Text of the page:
We compare what we want to see
We compare and contrast people with ourselves on what we chose to focus on at any given moment. Often, what we see in others is conditioned to what attracts us. Suppose you fancy the idea of travelling around the world. You will feel validated whenever you read or listen to those who approve your idea. It feels even more significant if more people share your idea. If you happened to meet a man who actually has travelled around the world, even without personal familiarity, suddenly it feels like he has it all, while your life seems inadequate. What starts off as a fancy now seems like a true judgement of your self-value.
In reality, we have no knowledge of the true well-being and satiety of other people. We do not see the baggage others carry. Consequently, we form mental images of people from just fragments and not the whole. We use these mental images as our internal narrative, in which other people always seem to be in a better situation than us.
Seeing a fragment as the whole
Many people often wonder why high-profile persons would commit suicide when they seem to have the so-called perfect lives. The presumption is that they must be happy because of their achievements – often stories about them revolve around having an accomplished career, a celebrity status, a beautiful spouse, an enormous wealth and so forth. But that does not preclude people from having pain, stress, disillusionment and suffering.
Acquired affluence and pleasure are only temporal appearance around people; an outer effect of people doing what they do in life. But it does not reflect what lies beneath it; who people are. The individual experience includes incontrovertible aspects of the effect of actions that are not visible to other people; their thoughts, conflicts, pressures and feelings.
Circumscribed perspectives and narratives about how others are come from fragmented knowledge. That is to perceive and confine things selectively and superficially as the complete whole, while ignoring many other variables and its underlying fundamentals constituting a person. Lord Krishna says in the Bhagavad Gita (18.22): yat tu kṛitsna-vad ekasmin kārye saktam ahaitukam atattvārtha-vad alpaṁ cha tat tāmasam udāhṛitam, ‘While that ‘knowledge’, which cling to a single effect, as if it were the whole, without reason, without grasping reality and trivial, that is declared to be tāmasika.’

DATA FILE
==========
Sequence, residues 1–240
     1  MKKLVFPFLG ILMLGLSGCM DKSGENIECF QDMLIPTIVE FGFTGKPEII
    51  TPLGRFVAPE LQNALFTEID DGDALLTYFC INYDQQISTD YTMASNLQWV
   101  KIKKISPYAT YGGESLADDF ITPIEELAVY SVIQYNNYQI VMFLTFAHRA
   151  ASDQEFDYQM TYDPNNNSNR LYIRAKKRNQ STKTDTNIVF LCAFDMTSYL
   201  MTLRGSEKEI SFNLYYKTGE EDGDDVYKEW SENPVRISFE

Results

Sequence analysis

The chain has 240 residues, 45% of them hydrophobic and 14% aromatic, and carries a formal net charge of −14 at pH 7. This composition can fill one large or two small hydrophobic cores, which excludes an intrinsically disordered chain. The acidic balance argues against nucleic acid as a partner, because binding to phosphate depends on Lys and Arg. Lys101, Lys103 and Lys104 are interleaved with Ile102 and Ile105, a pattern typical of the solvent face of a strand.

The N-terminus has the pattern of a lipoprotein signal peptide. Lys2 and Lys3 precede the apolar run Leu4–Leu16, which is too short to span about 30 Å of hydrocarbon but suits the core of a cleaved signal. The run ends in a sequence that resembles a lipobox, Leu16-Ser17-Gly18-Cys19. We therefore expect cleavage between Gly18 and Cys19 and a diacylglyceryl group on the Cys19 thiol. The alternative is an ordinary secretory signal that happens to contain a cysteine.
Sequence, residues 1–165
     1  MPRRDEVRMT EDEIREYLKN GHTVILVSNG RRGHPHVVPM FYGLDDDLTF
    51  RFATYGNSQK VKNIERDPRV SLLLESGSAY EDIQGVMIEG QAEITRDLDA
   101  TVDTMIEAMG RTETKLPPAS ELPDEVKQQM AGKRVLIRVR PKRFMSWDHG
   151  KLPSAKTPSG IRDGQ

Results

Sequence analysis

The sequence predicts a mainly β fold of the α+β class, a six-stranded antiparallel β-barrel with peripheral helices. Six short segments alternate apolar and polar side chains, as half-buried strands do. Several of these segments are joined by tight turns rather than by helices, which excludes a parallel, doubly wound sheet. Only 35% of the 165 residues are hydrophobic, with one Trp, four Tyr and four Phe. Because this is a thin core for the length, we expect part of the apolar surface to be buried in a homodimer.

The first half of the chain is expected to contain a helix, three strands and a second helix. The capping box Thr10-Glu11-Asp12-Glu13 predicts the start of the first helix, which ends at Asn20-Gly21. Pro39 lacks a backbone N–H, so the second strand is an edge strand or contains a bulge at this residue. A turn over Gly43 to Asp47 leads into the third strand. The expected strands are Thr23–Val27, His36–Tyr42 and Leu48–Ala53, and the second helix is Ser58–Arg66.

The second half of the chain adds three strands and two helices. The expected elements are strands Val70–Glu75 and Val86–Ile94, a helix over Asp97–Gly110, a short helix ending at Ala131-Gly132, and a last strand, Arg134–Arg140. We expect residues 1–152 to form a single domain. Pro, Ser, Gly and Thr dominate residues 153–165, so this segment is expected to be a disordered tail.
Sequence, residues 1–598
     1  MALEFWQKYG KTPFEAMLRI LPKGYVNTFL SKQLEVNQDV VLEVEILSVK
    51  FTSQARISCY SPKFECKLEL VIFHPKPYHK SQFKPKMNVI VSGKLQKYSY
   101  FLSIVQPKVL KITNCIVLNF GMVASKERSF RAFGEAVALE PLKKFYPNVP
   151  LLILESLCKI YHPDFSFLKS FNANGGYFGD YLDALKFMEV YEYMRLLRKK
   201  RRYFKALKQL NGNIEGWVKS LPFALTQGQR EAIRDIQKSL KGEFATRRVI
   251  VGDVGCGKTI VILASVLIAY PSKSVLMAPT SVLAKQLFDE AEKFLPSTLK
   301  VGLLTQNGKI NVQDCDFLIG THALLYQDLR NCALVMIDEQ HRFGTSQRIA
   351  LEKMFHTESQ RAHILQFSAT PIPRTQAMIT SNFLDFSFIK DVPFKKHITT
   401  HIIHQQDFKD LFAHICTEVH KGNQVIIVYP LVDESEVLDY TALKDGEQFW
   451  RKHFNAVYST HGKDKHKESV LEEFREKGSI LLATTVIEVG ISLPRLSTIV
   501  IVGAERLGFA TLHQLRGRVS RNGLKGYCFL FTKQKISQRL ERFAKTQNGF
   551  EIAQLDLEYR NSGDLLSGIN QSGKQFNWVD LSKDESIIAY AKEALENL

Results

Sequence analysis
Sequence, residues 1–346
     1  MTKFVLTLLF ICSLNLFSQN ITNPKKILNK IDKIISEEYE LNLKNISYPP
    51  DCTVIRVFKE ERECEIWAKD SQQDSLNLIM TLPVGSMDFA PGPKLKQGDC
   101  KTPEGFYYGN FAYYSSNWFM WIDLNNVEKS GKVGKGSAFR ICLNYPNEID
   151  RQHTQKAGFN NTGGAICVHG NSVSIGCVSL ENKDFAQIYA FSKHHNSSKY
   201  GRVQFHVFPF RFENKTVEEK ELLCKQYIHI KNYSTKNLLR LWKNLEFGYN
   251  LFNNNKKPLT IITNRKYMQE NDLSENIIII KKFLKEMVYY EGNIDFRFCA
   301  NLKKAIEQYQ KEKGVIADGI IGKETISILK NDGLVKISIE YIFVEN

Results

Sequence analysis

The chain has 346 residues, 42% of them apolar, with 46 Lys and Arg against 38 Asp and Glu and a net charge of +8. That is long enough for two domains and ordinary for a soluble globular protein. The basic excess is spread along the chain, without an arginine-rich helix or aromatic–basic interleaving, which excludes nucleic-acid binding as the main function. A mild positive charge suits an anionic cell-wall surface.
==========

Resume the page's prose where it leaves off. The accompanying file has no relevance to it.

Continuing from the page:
Those who form viewpoints that are tāmasika (tamasic) in quality, take a single facet as if that’s all there is to it. The more tamasic psychologically people become, the more they are obstinately restrictive, delusional, not grounded in truth and confident of their own ignorance. More importantly, when we trap ourselves in tamasic narratives, it causes us to shrink into a dark place within. We feel terrible about ourselves. We suffer frustration, self-pity, resentment, insecurity and other self-inflicted miseries.
If truth be told, what someone is thinking, feeling and experiencing, even if it is conveyed, you may not grasp it entirely. Furthermore, understandably we all tend to be careful to not display the negatives in our life, simply because other people may not respond with empathy and understanding. For example, a person may be suffering from depression but it is well concealed by an amiable demeanour. Moreover, you are oblivious of things that are not present in what you see. Just as, you may not see how a person behaves irresponsibly with one’s kith and kin, but is otherwise seems dedicated and dependable at work. Would it be justified to base your value off of other people’s life?
Be at ease with yourself
Ask yourself if you would feel bad about yourself if those people whom you are comparing and contrasting cease to exist from your memory – on the contrary, you will feel whole and free. Therefore, if your self-value is dependent on others, then all your suffering of self-inadequacy is actually, not only a denial of the right to be at peace with yourself, but also a resist to choose in life what is authentic and good for you. As such, you cannot be truly happy, if you devote your life in a ‘wild-goose chase’ of trying to be like other people.
I came across this quote that says, ‘A flower does not think of competing with the flower next to it. It just blooms.’ Likewise do not trouble your mind with what other people are doing in their lives. Live your life. Each person needs to decide one’s own way of life. You do not need to prove anything or seek approval from anyone to find your value. Be at ease with yourself. It will help you to be at ease with other people.
Rakesh Nair (Yogi Rakesh) is a life mentor and teacher of Vedic philosophy and yoga. A lifelong practitioner since childhood, he studied and trained for many years in the authentic Vedic tradition, primarily in the lineage of Advaita teachers. He holds a Masters degree in Sanskrit studies. He also has a degree in Computer Science majoring in Software Engineering. He founded yogirakesh.com to help bridge the knowledge in ancient scriptures to modern life.